TheMarker shall continue to report on the people who are truly the most influential, describing their relationships, their whims and habits, their hidden agendas. But our flagship September issue will try to bring stories that inspire, about people worthy of emulation: the 100 people who do the most good.
Building a list of the Ideal Israelis, the 100 people who have influenced their country for the better, who have done something to aspire to, was infinitely harder than the original version of the list. It may have many inaccuracies and even mistakes. There may be 300 people eligible for the 100 Most Influential list, but when it comes to choosing paragons, people who make the country a better place to be - there are thousands on the list of potentials.
Some people influence Israel for the better, while other things they do cause harm. What to do with an entrepreneur who builds companies and provides mass employment, but who also tramples everyone who blocks his path, sometimes by unethical means? Which is more important? The benefits he brings to the economy or the economic damage he wreaks, and the twisted norms he promotes?
Then there are the ones who do good quietly. For some of the people on our list, this is their first significant mention in the press. Others should be there and will certainly appear in years to come.
Perhaps the best way to describe the people on our list is that they aim to advance the people who have no influence: the people who have no contacts with people in power (or at the government monopolies ), who are represented by nobody in particular. They are the unconnected, the taxpayers, the people who serve in the reserves, who have no job security, whose pension savings will not give them a comfortable old age, who are ground down by life that just gets harder.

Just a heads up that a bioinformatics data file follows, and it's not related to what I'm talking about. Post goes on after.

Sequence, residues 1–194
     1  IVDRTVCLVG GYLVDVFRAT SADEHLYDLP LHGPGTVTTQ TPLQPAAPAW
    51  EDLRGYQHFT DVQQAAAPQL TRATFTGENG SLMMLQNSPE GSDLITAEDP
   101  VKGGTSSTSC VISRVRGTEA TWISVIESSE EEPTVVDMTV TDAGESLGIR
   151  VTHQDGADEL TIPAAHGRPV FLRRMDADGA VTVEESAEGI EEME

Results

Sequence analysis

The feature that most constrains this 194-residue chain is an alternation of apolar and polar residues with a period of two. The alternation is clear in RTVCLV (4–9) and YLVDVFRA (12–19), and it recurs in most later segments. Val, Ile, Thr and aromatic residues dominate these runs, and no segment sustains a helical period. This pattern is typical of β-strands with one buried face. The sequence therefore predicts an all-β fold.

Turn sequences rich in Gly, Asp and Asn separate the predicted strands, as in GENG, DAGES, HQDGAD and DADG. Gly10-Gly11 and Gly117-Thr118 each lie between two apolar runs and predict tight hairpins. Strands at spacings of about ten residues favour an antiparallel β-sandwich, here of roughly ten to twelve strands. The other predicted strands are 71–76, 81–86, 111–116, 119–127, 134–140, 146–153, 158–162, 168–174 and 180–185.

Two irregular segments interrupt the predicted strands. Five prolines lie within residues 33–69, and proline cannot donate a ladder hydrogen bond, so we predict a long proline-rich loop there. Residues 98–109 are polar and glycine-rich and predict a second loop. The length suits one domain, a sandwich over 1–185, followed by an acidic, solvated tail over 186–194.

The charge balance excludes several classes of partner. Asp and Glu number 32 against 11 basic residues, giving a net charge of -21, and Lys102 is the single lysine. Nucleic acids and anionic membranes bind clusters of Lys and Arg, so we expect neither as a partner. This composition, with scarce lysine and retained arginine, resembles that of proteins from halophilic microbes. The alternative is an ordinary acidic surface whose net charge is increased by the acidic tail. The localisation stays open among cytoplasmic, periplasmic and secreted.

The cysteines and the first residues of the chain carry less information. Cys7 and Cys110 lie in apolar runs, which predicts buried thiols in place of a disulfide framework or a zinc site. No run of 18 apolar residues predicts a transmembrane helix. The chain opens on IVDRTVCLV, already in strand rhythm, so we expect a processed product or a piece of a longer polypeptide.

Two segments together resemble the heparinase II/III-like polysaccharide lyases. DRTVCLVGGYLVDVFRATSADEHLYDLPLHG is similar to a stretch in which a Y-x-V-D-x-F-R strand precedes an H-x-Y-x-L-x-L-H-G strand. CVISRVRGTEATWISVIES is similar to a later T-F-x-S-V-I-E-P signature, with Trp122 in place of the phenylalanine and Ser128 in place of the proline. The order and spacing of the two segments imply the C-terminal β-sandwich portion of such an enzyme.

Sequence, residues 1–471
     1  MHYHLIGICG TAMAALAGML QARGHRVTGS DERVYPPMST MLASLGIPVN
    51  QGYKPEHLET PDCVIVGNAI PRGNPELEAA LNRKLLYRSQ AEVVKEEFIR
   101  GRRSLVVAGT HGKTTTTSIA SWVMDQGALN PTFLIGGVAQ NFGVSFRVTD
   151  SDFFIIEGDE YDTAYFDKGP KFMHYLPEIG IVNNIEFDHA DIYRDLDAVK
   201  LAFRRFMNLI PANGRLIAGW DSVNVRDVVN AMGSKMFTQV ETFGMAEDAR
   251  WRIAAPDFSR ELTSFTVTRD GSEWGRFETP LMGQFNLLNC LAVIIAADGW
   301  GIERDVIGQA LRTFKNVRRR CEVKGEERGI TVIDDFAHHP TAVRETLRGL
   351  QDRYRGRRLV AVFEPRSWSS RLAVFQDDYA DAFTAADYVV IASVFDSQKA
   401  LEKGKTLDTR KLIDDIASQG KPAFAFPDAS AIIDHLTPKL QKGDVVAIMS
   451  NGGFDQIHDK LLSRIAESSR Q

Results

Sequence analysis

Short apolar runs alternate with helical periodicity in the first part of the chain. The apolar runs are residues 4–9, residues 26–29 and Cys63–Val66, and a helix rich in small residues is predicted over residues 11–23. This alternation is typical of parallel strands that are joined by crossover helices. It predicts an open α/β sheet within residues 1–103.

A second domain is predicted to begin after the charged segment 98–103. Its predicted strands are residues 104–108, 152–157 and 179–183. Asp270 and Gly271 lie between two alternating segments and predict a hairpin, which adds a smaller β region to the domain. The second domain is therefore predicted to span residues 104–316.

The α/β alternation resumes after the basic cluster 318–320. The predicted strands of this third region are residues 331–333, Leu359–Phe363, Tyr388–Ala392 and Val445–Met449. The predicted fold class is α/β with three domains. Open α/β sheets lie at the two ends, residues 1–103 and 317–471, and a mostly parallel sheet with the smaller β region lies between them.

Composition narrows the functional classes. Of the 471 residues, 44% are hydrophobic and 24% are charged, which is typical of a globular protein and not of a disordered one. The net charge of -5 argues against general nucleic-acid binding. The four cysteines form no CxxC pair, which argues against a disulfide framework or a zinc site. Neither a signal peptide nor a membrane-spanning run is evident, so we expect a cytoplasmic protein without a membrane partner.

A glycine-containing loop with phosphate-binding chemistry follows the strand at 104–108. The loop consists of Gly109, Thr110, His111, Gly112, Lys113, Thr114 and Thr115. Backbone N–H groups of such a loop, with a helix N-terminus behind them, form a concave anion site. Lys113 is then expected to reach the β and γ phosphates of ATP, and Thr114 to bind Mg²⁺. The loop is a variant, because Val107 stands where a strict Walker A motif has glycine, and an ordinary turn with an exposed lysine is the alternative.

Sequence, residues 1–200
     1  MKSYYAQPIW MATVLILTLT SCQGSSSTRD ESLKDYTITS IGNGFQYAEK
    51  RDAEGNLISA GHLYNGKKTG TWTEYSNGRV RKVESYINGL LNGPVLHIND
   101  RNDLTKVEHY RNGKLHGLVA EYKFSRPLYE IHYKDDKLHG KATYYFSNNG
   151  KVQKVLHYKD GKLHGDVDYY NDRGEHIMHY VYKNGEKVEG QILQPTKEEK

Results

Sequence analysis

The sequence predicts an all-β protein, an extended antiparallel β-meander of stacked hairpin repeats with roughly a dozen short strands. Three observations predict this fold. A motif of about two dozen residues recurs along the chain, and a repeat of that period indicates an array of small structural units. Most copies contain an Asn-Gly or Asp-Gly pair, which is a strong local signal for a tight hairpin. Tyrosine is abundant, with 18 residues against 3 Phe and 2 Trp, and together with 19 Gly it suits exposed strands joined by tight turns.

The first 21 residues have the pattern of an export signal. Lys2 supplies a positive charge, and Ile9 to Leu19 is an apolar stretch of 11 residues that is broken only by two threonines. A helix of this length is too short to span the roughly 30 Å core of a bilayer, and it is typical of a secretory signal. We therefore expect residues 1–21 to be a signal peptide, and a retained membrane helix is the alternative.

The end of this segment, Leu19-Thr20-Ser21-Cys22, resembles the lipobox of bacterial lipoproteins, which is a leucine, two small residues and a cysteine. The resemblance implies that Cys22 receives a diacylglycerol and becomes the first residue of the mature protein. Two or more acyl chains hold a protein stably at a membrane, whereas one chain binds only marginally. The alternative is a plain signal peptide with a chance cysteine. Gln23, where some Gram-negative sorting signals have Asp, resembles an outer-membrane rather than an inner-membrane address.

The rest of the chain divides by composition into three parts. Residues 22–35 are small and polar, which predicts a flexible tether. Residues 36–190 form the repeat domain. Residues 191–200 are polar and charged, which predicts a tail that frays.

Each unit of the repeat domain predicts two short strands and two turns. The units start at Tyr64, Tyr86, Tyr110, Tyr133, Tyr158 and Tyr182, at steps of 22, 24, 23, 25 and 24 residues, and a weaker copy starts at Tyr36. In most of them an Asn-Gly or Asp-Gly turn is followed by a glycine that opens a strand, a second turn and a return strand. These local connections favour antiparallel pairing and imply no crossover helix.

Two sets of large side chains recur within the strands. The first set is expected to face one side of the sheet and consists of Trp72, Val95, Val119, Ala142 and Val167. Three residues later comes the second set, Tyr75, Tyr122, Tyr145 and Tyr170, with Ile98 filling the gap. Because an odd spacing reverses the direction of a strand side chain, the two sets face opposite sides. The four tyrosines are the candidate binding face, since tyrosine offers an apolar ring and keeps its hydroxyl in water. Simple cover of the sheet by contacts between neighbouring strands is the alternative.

We found plenty of influential people who donate their time and money, but not in any sweeping fashion aiming for the greater good: They find a cause, write the check and take the plaque, only to return to their milieu. Too much money also goes into projects that do not create genuine long-term change: These projects are like aspirin for cancer.
We aspire for our list to inspire, to create models worthy of emulation. We want to show that there are people who can do things for their society despite the pressures and cynicism surrounding them. We want to show that this is possible. Perhaps doing good can become as fashionable as accruing power and money.
A century ago, U.S. Supreme Court Justice Louis Brandeis stood up against the tycoons and monopolies crushing the economy and society, and wrote, "Here and there you will find a hero ... red-blooded, and courageous ... loving manhood more than wealth, place or security ... who dared to fight for independence and won. Here and there you may find the martyr, who resisted in silence or suffered with resignation. But America, which seeks 'the greatest good of the greatest number,' cannot be content with conditions that fit only the hero, the martyr or the slave."
Our warriors for a better world tend to be people of lesser lofty stature than Brandeis. Often they lack the means and knowhow to take on the powers that just want to maintain the status quo. But if we manage to encourage, with our annual list, people to take on the task of being the Israeli Louis Brandeis, if we help cultivate a generation of practical philanthropists, if we help academics and doctors and researchers regain their status in the eyes of society, we can be gladdened: in the thought that we have created value not only for the readers of this newspaper, but for Israeli society as a whole.